Oregon State had low, low preseason expectations and was wiped out early on national TV by Boise State, and as a result – along with it location and all that – remained failry low profile for a ten-game winner that ended USC’s epic conference winning streak. That’s a shame, because the Beavers were an exciting team embroiled in a string of dramatic games, albeit a group that had a lot go its way. Judging the chances of a return to the polls this year, in fact, maybe a little too much:
|Result||Total Yds.||1st Downs||TO Margin||'Swing' Points|
|Wash. State||L, 6-13||- 68||- 4||- 2||- 3|
|at Arizona||W, 17-10||+ 149||+ 6||0||- 7|
|Southern Cal||W, 33-31||- 141||- 7||+ 4||+ 7|
|Oregon||W, 30-28||- 84||- 4||+ 1||+ 8|
|at Hawaii||W, 35-32||- 85||- 14||+ 2||+ 5|
|vs. Missouri||W, 39-38||- 104||+ 9||0||-|
*-’Swing points’ are points from a defensive or special teams touchdown, a short field (25 yds. in), or other anomaly, such as the safety OSU took at the end of the Hawaii game. See here for a full explanation.
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The first two games there are pretty cut-and-dry – OSU was slightly outplayed by Washington State and lost, then significantly outplayed Arizona and won despite allowing a score on a punt return. Over the last four, though, which includes final three games of the season, OSU was 4-0 by a combined eight points while being heavily outgained in every case, and usually the beneficiary of turnovers (quasi-amazing stat: on fumbles alone, the Beavers were plus-4 in basically random recoveries in those four games). Specifically, USC lost three fumbles, threw a killer interception in the red zone, allowed a punt return for touchdown and still had a chance to tie late on a two-point conversion. Oregon, playing with Brady Leaf at quarterback (see below) threw an interception the Beavers returned for a touchdown, had an extra point blocked and then had the winning field goal blocked on the last play:
Hawaii, too, was far more effective moving the ball consistently but turned it over twice and made an atrocious display of tackling on a 100-yard kickoff return. Missouri averaged more than six yards per carry and infamously led by two touchdowns with six minutes to go in the Sun Bowl, eventually falling by half a yard on a gutsy two-point play. Put another way, while the Beavers earned what they got – they were a fantastic pass rushing team (47 sacks), which is responsible for many opponent mistakes – they were a blocked kick, either of a pair of two-point conversion and any one of a littany of fumbles from being 6-8 and wringing hands rather than enjoying top 25 projections.
This is also troubling, in an overall-talent-level sort of way:
Average Margin in Wins: 8.4
Average Margin in Losses: 24.7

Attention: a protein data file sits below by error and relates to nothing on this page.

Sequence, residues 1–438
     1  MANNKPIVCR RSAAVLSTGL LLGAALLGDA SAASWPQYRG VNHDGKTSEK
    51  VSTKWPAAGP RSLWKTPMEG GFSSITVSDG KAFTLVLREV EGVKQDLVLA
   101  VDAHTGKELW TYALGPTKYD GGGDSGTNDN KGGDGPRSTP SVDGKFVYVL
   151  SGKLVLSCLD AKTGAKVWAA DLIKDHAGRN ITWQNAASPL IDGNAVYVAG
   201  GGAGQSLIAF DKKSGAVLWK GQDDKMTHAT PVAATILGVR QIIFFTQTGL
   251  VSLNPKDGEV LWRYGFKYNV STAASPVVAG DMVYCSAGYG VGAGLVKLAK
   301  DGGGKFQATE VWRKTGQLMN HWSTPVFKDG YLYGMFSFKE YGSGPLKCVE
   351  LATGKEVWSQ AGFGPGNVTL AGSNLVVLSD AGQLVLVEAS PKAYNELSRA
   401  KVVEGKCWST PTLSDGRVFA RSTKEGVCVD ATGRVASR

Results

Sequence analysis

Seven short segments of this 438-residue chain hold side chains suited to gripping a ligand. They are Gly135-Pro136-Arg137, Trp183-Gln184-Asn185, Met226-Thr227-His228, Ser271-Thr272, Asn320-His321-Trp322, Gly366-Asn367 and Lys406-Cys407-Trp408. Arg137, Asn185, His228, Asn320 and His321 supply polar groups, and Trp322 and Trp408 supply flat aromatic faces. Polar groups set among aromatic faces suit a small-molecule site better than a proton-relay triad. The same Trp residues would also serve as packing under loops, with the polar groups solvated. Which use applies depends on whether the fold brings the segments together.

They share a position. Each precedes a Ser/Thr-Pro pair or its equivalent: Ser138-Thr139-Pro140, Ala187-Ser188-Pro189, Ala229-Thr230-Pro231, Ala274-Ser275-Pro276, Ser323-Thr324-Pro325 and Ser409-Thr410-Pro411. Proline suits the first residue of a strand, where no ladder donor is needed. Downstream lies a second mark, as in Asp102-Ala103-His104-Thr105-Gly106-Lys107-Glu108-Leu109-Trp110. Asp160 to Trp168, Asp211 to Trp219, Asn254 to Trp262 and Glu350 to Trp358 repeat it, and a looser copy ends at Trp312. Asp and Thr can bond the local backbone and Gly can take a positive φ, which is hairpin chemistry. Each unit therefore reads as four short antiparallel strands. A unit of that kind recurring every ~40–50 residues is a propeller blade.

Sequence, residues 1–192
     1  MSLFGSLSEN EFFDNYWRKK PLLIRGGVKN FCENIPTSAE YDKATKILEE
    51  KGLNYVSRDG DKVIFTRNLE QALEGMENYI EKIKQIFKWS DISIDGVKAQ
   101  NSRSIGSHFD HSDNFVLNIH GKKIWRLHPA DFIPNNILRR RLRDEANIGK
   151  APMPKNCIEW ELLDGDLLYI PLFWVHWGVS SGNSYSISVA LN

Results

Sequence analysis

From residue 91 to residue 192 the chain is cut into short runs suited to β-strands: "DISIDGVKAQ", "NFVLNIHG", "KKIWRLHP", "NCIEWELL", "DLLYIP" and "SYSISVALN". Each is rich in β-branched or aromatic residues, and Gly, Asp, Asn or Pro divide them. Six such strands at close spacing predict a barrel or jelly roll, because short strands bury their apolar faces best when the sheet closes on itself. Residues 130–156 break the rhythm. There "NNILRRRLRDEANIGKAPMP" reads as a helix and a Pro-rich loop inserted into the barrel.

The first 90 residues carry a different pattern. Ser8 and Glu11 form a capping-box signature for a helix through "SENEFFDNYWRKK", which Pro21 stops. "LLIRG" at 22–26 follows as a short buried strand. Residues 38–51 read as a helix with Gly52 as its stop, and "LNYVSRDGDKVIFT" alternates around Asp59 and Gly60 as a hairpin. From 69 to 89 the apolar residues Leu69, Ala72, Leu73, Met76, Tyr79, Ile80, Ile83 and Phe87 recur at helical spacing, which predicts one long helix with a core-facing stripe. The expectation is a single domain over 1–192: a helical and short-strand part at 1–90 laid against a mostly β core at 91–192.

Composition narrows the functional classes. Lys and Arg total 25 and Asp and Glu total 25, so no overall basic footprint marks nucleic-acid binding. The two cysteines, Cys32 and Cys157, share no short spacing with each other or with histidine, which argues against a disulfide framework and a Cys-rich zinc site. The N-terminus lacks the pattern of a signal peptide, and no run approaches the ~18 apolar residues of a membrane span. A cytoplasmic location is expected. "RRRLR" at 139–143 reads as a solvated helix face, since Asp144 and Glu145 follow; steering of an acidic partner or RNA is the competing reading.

Game of inches, doncha know?
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And now, just to really drive the OSU boards insane, let’s travel down Hwy. 99, where Oregon is one of the most divisive teams of the summer. Projections for the Ducks range anywhere from 2nd to 7th in the Pac Ten, and only four of the eleven outlets tracked by prediction watchdog Stassen.com – Phil Steele, USA Today, College Football News and something called Surefire Scouting, for the record – peg UO ahead of Oregon State after its dismal finish last year.
On a game-by-game basis, the Ducks don’t really belong in this feature; "you win some, you lose some" is the guiding premise of "On the Margins," and Oregon was 2-2 in one-score games (I’ve often considered the ref-marred Oklahoma game only a "half win" for Oregon, so maybe 1.5-2, if you prefer). They were blown out by Cal, USC, Arizona and BYU, and did the blowing out themselves only on Arizona State and, less relevantly, Washington.
But Oregon is a classic "margin" team because of these two very relevant statistics:
Turnover Margin in Pac Ten Games: - 13
The second number is probably also more important: Oregon’s ten-win team in 2005, for example, only outgained conference opponents by about 77 yards per game, good but well below last year’s team, yet it challenged for the BCS because it was also plus-13 in turnover margin. Back in March, I rolled out these numbers, which are relevant on this subject:
|at Arizona State||63.3||215||3||0||Win|
|at Wash. State||60.0||105||0||2||Loss|
Dennis Dixon was spectacularly hit-or-miss, in very large part due to the turnovers, which were greater part "horrible interception" than "lost scramble for loose ball." Dixon, just like his star running back, Jonathan Stewart, was inconsistent and injury-prone, and his sketchy disposition was intrinsically tied to the team’s occasional sleepwalking. So is his backup: Brady Leaf made a push at Dixon statistically over the second half of the season (he flew solo in the near-upset at OSU) but wound up 0-5 in games he attempted more than ten passes.
Oregon had many other problems aside from the quarterbacks – the run defense in particular, easily the worst in Mike Bellotti’s tenure – but the hard part (consistently moving the ball) was rarely the problem; the Ducks are going to move the ball either way. But Dixon is an experienced senior and at a point that all those correctable mistakes should, uh, get corrected. If he remains healthy and merely takes care of the ball as well as he did in relief of Kellen Clemens in 2005, with the skill talent abounding throughout the rest of the lineup, Oregon is a serious threat to rebound back to double digit wins.